On the Pittman farm, permaculture shapes every square inch of soil. Instead of ruler-straight rows of, say, squash, kale and corn, they encourage a looser confederation of veggies. The Pittmans also establish “guilds”—clusters of mutually beneficial plants. “What does this plant need to be healthy?” Scott asks rhetorically. Find out and plant it. Who needs fertilizer or other bagged plant food? Let plants supply it to their guild.
“In permaculture, one mantra is, ‘Every element should serve at least three functions,’” Scott says. So the Pittmans let Siberian elms, notorious New Mexico “weed trees,” flourish. Scott explains that their shade cuts down on harmful ultraviolet sunlight for plants below them. Plus, the goats love elm leaves and the Pittmans stack the leftover twigs for the fireplace. Thus the elm provides shade, food and fuel.
Scott was once a solar home builder—among other past careers that include toy maker. This experience not only prepared him mentally for permaculture, but also for building the Pittmans’ own home. This mud-plastered house with straw-bale walls is a marvel of low-tech construction, heating, cooling and wastewater recycling.
And it has two hearts. First there’s the roomy kitchen that accommodates food preparation, canning, goat-milk processing and other tasks associated with growing food. Scott’s carpentry skills show in the lovely wood cabinetry, the butcher-block countertops and the large harvest table. The deep sink hints at the major food processing that happens here. Natural clays tint the interior plaster a variety of subtle shades.
To one side, the Pittmans store things like potatoes and onions in a naturally temperature-controlled mudroom. The living room on the other side basks in sun from large south windows—with no electronic gaming system in sight.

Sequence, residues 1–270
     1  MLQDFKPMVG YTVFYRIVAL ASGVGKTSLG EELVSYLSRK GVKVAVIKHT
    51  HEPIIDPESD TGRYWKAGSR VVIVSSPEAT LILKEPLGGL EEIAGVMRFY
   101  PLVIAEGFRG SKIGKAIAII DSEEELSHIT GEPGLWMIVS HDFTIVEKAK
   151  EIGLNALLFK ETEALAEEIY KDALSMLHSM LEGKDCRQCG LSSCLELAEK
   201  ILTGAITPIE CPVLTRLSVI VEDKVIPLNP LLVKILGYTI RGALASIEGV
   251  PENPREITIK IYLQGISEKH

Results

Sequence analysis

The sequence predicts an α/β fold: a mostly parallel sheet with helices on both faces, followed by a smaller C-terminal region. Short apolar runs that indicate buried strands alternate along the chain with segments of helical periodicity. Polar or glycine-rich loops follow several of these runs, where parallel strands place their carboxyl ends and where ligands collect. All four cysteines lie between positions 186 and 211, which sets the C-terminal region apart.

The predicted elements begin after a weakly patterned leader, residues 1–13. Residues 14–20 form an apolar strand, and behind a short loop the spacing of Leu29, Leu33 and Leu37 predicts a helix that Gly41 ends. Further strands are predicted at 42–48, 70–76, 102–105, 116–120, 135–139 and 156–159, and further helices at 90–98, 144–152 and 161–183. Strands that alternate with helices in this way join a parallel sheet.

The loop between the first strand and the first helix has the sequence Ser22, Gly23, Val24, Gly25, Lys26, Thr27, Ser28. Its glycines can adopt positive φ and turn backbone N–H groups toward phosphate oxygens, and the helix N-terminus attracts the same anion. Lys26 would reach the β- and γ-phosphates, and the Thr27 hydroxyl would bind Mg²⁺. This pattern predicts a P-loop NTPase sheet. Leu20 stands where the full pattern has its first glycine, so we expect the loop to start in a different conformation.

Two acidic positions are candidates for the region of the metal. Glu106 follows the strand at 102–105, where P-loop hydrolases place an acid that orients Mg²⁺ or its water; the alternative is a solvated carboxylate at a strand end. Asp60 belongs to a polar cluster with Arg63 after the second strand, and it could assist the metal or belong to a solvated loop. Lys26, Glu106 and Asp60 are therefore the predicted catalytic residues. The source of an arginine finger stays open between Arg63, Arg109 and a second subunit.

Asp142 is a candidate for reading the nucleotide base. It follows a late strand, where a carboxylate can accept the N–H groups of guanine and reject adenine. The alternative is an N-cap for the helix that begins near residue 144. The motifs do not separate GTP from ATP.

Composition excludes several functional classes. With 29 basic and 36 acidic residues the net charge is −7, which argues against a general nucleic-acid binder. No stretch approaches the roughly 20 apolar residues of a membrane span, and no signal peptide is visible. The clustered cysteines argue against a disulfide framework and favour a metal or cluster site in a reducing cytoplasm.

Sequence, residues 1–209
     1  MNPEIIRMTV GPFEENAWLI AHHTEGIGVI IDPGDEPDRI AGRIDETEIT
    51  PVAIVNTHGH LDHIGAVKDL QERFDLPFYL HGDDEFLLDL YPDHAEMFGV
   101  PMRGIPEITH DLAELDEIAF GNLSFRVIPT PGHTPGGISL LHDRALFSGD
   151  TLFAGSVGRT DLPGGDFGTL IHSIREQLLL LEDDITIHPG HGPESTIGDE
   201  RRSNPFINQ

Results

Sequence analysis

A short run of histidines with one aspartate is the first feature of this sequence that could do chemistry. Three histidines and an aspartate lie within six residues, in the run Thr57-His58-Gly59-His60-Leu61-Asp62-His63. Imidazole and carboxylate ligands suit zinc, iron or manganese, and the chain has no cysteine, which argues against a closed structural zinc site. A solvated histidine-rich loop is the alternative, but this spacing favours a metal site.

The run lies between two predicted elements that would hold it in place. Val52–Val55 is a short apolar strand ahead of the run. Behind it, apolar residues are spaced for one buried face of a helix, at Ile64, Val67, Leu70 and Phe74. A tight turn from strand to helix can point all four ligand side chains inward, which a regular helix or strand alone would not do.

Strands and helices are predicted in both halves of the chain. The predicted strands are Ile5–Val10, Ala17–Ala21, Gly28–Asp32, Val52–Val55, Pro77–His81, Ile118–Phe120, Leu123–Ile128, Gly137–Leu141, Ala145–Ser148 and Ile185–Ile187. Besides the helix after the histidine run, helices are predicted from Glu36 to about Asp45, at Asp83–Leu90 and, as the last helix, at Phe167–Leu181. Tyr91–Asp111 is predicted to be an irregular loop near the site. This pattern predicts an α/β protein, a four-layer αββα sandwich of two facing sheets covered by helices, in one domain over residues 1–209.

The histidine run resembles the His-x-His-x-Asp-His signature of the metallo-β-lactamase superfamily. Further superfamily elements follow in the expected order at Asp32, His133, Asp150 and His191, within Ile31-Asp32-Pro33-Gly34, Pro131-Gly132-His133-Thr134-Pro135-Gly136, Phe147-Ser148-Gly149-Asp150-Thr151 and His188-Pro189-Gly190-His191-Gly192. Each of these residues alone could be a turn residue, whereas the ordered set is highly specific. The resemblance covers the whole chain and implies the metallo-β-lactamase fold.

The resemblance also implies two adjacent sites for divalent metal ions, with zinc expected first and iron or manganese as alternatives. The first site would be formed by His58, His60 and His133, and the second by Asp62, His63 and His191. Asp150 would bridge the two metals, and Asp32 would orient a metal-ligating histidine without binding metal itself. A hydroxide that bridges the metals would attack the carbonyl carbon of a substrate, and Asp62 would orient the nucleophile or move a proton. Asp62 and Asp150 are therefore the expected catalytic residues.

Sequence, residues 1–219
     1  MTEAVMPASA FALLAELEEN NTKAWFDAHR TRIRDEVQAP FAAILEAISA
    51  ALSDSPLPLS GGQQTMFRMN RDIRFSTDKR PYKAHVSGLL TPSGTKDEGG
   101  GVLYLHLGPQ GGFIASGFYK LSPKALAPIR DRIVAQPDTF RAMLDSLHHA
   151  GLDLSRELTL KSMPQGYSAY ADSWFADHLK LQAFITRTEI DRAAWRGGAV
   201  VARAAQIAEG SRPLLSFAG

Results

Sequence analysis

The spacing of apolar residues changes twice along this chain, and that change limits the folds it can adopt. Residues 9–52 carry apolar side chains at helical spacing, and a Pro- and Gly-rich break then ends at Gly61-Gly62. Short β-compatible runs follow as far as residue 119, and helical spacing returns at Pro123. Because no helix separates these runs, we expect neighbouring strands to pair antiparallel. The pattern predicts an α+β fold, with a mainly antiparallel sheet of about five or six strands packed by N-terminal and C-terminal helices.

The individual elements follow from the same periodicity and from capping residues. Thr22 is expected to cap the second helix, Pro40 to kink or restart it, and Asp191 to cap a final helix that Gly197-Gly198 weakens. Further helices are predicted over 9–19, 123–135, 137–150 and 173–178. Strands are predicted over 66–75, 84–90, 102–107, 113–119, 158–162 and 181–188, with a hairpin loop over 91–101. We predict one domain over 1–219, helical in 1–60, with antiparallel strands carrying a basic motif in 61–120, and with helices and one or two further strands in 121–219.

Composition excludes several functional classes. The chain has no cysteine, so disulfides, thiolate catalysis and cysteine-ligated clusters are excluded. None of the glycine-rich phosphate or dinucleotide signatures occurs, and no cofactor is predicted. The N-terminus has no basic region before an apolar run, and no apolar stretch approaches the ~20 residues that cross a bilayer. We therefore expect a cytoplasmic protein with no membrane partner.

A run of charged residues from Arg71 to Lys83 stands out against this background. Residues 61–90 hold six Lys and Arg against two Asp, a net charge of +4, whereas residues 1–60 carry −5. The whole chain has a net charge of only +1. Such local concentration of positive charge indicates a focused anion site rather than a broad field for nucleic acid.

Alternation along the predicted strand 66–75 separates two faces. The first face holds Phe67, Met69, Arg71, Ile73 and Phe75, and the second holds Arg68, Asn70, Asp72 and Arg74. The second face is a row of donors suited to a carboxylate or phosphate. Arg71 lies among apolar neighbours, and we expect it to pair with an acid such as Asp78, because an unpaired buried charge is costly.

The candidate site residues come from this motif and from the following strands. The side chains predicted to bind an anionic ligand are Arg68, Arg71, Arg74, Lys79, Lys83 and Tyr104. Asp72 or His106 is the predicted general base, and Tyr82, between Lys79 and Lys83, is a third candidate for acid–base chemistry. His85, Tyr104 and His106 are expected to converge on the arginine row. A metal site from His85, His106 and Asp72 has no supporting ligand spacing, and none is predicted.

The other heart beats in the adjacent two-story greenhouse room. Tropical plants such as bananas, Monstera deliciosa and Surinam cherries provide occasional snack food. The musical burble of running water hints at the greenhouse’s secret job: purifying graywater. Pipes route it from showers, laundry and sinks to an underground bed of pumice stones, where the plants root. Biological action cleans the water.
The greenhouse also provides solar heat, augmented by a superefficient Russian masonry fireplace Scott designed, which burns small logs and those elm twigs. With its efficient combustion aided by tons of mass in adobe and stone, the fireplace holds heat all day. And in the summertime, all that mass helps keep the house cool.
Bedrooms flank the greenhouse and stairs ascend to a storage area and playroom. Outside, a deep north-side portal shades the summer patio. Nearby a rope swing dangles from an apricot tree by the irrigation canal that snakes through the yard.
Considering the thorough attention given to every aspect of their home, it’s no surprise when Arina says, “We’re not a market farm, so we don’t function with the pressures of production and uniformity and planting on cycles like that. It’s a big distinction. We have an eye for self-sufficiency. We live within our own comfort zones and natural cycles. Our days are lazy.”
Daily chores might occupy the Pittmans until 10:30 in the morning—milking, cleaning the goat shed, harvesting and so on. When the fruit is ripe, they can it or freeze it in Mason jars. They also dry herbs (for tea) and fruit.
“We live with the life forces of the seasons, the animals and the land,” Arina says. “They define our activities. The celestial elements of the equinoxes, of dark and light, are felt very strongly here because they affect everything.”
These rhythms inform Arina’s parenting, too. Sasha hews close to her around the farm. She calls it a child-inclusive rather than child-centered life. “The story of life in this world is already woven into our son’s life in a way he might not be able to articulate, but he embodies it.”